Buckinghamshire Council's community board scheme said to have 'missed a golden opportunity'

Concern has been raised by some councillors that the spirit of the business case for the unitary authority is not being served following the unveiling of a community boards scheme set to launch alongside the new council in April.

Community boards are acknowledged in the Shadow Executive's report as “a key component part of the business case that the Government approved” and their concept at least has broad support.

The Shadow Executive

The Shadow Executive

Their initial purpose is to offset fears that a more centralised unitary authority might lead local communities to feel distanced from the decision-making process, but going forward many hoped that the scheme would also allow more power to be devolved to town and parish councils.

However, two aspects of the community boards final design have caused frustration that was expressed both at the meeting on 3 December when the decisions were announced, and subsequently to this paper.

At the Shadow Executive meeting, Chiltern District councillor Fred Wilson firstly requested an amendment to the fact that only Buckinghamshire Council members will be able to vote on issues at community board meetings, excluding town and parish councillors as well as other invested parties such as Thames Valley Police representatives.

Pointing to the fact that a 10-week consultation involving 525 respondents found that 92% thought that town and parish councillors and other community representatives should have a vote, Mr Wilson described the final outcome as “too much centralism, too little localism.”

He went on to submit a further amendment suggesting that “the chair person for a community board should be elected by that community board” and not by Buckinghamshire Council, as has been decided.

Both of councillor Wilson's amendments were rejected by the Shadow Executive.

Shadow Executive member, councillor Warren Whyte, responded to councillor Wilson at the meeting with the following statement:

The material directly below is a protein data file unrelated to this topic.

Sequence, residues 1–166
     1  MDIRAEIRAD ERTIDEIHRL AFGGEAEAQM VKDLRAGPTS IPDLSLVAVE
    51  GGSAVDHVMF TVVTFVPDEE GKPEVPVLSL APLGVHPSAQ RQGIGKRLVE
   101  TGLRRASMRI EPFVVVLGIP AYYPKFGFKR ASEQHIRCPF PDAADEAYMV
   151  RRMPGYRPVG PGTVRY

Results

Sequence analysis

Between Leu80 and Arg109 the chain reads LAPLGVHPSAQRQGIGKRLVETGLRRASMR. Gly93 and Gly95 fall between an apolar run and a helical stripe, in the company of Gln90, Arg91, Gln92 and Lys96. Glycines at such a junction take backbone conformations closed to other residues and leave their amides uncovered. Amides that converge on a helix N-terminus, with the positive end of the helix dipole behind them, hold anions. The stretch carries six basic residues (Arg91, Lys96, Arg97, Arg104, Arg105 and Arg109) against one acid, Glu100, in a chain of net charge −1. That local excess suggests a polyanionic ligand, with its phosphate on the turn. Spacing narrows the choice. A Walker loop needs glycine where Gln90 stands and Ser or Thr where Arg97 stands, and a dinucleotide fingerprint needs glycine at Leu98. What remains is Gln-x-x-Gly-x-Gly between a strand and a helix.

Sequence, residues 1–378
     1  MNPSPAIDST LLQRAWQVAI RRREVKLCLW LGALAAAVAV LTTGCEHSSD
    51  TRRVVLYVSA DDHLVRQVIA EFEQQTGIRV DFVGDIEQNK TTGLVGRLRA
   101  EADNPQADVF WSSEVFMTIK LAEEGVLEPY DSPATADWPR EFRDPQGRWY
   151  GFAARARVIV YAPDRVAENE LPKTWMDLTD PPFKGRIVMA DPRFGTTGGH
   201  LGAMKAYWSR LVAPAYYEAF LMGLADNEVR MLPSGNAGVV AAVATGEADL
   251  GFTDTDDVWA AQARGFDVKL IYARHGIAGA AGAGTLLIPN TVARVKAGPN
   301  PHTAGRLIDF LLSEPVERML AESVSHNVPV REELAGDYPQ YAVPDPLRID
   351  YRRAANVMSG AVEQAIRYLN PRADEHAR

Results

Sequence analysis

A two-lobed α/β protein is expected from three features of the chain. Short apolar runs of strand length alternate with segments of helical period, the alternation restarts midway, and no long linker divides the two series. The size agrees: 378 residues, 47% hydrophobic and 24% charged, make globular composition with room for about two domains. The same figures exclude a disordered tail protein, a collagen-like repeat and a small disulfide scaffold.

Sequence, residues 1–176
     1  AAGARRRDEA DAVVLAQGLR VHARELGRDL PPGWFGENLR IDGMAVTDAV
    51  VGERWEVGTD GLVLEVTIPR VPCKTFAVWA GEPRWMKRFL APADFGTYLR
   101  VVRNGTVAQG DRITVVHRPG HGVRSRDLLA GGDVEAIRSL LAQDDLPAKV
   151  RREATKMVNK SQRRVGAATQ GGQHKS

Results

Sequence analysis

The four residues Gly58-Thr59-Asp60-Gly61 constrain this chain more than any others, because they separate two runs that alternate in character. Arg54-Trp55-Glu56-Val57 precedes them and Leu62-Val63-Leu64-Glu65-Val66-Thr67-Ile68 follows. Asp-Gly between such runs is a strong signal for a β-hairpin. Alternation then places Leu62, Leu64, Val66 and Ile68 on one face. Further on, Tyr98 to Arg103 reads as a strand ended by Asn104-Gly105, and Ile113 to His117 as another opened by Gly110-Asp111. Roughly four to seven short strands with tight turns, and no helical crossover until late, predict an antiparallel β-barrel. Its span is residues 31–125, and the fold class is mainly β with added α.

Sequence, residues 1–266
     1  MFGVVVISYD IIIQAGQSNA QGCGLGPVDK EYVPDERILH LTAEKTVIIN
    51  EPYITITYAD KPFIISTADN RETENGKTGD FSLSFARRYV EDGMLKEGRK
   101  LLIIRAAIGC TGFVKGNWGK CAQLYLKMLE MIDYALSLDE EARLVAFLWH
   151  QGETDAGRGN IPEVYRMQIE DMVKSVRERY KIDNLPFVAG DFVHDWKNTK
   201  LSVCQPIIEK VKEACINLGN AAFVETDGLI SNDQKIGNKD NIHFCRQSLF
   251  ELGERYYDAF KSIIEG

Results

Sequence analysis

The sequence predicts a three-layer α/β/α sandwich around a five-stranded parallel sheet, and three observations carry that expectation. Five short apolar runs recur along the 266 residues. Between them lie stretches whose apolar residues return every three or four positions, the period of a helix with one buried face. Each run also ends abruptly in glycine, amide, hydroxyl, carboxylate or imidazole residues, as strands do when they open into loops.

“I heartily disagree with the premise. This is about the new Buckinghamshire Council working locally and in succinct community boards so the elected councillors to the council will be meeting regularly to discuss the priorities and issues in that locality which is the right thing to do.”

We spoke to county councillor and member of the Shadow Overview and Scrutiny Committee Steven Lambert about the setup of the community boards. He said:

"If the only ones that can vote are the unitary councillors then what's the point of anyone else being there? It's just hot air.

"It's not very democratic. It is the council telling the community what's going to happen.

"I think it's disappointing. They've missed a golden opportunity to really engage and empower communities."

The former mayor of Aylesbury, town councillor Mark Willis, echoed those sentiments, saying to us:

"To not allow the parish and town councils to have their full voice and to demonstrate their opinion with a vote is missing a huge opportunity and it devalues the partnership I was hoping we were going to have between us and the unitary."

A further member of the Shadow Overview and Scrutiny Committee, councillor Robin Stuchbury, summarised the concerns:

“The decision of the executive could be said to signal the type of partnership the new Buckinghamshire Council will be seeking and it doesn’t suggest it’s going to be one of equals.”

The community boards, of which there will be 16 in Buckinghamshire, are described in the Shadow Executive's report as “informal bodies of the Council and therefore non-decision-making. This means that legally community boards will make recommendations for formal sign-off by relevant decision-makers.”

This paper has tried to contact Councillor Whyte and Shadow Executive leader Martin Tett for further explanation of the executive committee's decisions regarding community boards, but we had not received a response at the time of publishing.